Arcane Marvel Archeology

By | Monday, September 21, 2020 Leave a Comment
Captain America: Patriot cover
I'm not sure where I came across it now, but a month or two back, I read that the All-Winners Squad were retroactively made the first superhero team to take up residence in the Baxter Building, decades before the Fantastic Four made it their headquarters. As an FF fan from way back, and one who generally enjoys the archeology of sifting through Marvel continuity, that sounded like something I had to dig into myself. Particularly since it didn't seem like the type of thing Marvel has really done much of since the turn of the century.

So I picked up the requisite stories and was not terribly surprised to see they were written by Karl Kesel. He has a similar sensibility and appreciation of Marvel history and continuity that guys like Roy Thomas, Mark Gruenwald, and Kurt Busiek have shown. Plus, Kesel is a long-time FF fan. So that he found another way to tie Marvel's Golden Age stories via All Winners Comics to its Silver Age ones via Fantastic Four is almost expected. The primary story is largely about how Captain America inspired Jeff Mace to become The Patriot, and how he was later recruited to take up the mantle of Captain America when that character died. I kind of knew that basic story at a high level, but only barely, so I figured I'd have the added bonus here of digging into that aspect of Marvel history as well.

What I found interesting, though, was that, while the stories here were good and provided not only the historical background I was hoping for, but also had a solid emotional hook for the main characters, I definitely did not feel the familiar excitement I used to have when discovering arcane pieces of Marvel continuity. Whereas before, I might've responded with something like "Aha! Cool!" this time it was a little like just checking a box off for me, "OK, All-Winners in the Baxter Building back in the '40s. Got it."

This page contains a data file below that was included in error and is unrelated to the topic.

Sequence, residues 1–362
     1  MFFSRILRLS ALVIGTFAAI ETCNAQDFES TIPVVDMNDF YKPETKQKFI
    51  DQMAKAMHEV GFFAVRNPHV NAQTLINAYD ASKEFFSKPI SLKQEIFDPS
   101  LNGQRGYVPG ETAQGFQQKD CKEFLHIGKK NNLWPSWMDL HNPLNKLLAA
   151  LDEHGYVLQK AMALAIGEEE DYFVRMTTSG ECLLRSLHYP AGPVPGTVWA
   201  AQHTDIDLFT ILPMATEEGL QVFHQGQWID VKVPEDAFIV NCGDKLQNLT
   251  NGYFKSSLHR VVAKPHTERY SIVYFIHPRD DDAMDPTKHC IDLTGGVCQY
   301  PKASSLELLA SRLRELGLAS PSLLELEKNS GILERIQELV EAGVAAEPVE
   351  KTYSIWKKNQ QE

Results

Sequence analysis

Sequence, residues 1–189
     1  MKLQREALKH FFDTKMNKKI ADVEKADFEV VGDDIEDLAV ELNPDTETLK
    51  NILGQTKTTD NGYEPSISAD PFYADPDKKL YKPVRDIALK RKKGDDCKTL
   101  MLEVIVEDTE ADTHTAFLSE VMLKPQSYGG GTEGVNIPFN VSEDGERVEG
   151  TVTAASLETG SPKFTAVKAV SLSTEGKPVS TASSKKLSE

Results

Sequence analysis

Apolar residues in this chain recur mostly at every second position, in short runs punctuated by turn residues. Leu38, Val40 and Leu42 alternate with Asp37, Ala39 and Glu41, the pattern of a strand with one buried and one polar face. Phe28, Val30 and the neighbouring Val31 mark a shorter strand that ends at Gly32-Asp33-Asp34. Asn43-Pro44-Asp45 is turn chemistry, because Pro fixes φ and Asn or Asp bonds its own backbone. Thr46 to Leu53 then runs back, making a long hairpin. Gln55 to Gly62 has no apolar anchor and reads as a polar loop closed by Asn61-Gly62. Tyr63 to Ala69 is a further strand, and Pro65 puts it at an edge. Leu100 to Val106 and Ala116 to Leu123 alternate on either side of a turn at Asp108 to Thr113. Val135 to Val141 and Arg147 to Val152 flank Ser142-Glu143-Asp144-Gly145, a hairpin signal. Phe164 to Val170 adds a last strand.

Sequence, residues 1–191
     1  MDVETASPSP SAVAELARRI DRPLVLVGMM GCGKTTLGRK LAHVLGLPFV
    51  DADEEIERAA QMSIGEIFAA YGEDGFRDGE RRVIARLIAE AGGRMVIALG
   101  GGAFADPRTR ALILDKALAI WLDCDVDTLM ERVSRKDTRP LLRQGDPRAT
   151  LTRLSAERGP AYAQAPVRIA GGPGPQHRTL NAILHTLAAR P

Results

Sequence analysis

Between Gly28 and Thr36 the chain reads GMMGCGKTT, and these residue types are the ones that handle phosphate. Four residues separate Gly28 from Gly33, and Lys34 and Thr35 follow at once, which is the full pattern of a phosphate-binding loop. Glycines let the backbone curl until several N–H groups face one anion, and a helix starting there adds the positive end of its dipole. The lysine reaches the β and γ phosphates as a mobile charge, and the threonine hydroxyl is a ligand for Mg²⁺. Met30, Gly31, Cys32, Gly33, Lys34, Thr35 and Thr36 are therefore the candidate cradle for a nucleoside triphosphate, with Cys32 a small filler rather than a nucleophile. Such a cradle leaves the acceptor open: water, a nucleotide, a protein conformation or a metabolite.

That's certainly not Kesel's fault. The bits in question are, by design, almost thrown in as asides and that's not the point of the stories in the first place. I actually quite enjoyed following Jeff Mace's story itself. What I don't quite know is why I wasn't as excited about the Baxter Building revelation as I might've been a decade or two earlier. Some possibilities I've considered:
  • I used to run a Fantastic Four website and I would have included these tidbits on the site. My excitement might have been tied to developing out new content for the site.
  • During the same time period, a good chunk of my self-identity revolved around being THE most knowledagable Fantastic Four fan. Knowing this additional bit of trivia would have further advanced my standing in that capacity. (At least in my own mind.)
  • It's been a decade and a half since I really followed the goings-on in the Marvel Universe. I may simply be less emotionally invested in it generally.
  • I'm also a decade a half older, plus the entire country is collapsing, so it could be that I really don't have the mental bandwidth to really give a shit about an amazingly obscure and ultimately meaningless retcon any more.
Of course, it could be a little "all of the above" with each piece being a contributing factor. I may still have had a subdued reaction in, say, 2014 if I'd come across this then but the additional weight of the past several years could have dulled that even more. I find it particularly interesting in light of the more recent History of the Marvel Universe book I looked at back in April; another Marvel archeology project for me, but one where I went in with very different expectations. I'll be curious, too, to see my reaction compares against the upcoming Other History of the DC Universe, another book which has that archeology aspect to it, but with yet another very different set of expectations.

At nearly fifty years old, I don't expect to respond to comics the same way I did when I was thirty. But I think it's worth considering why so I know what to look for and what to avoid in the future.
Newer Post Older Post Home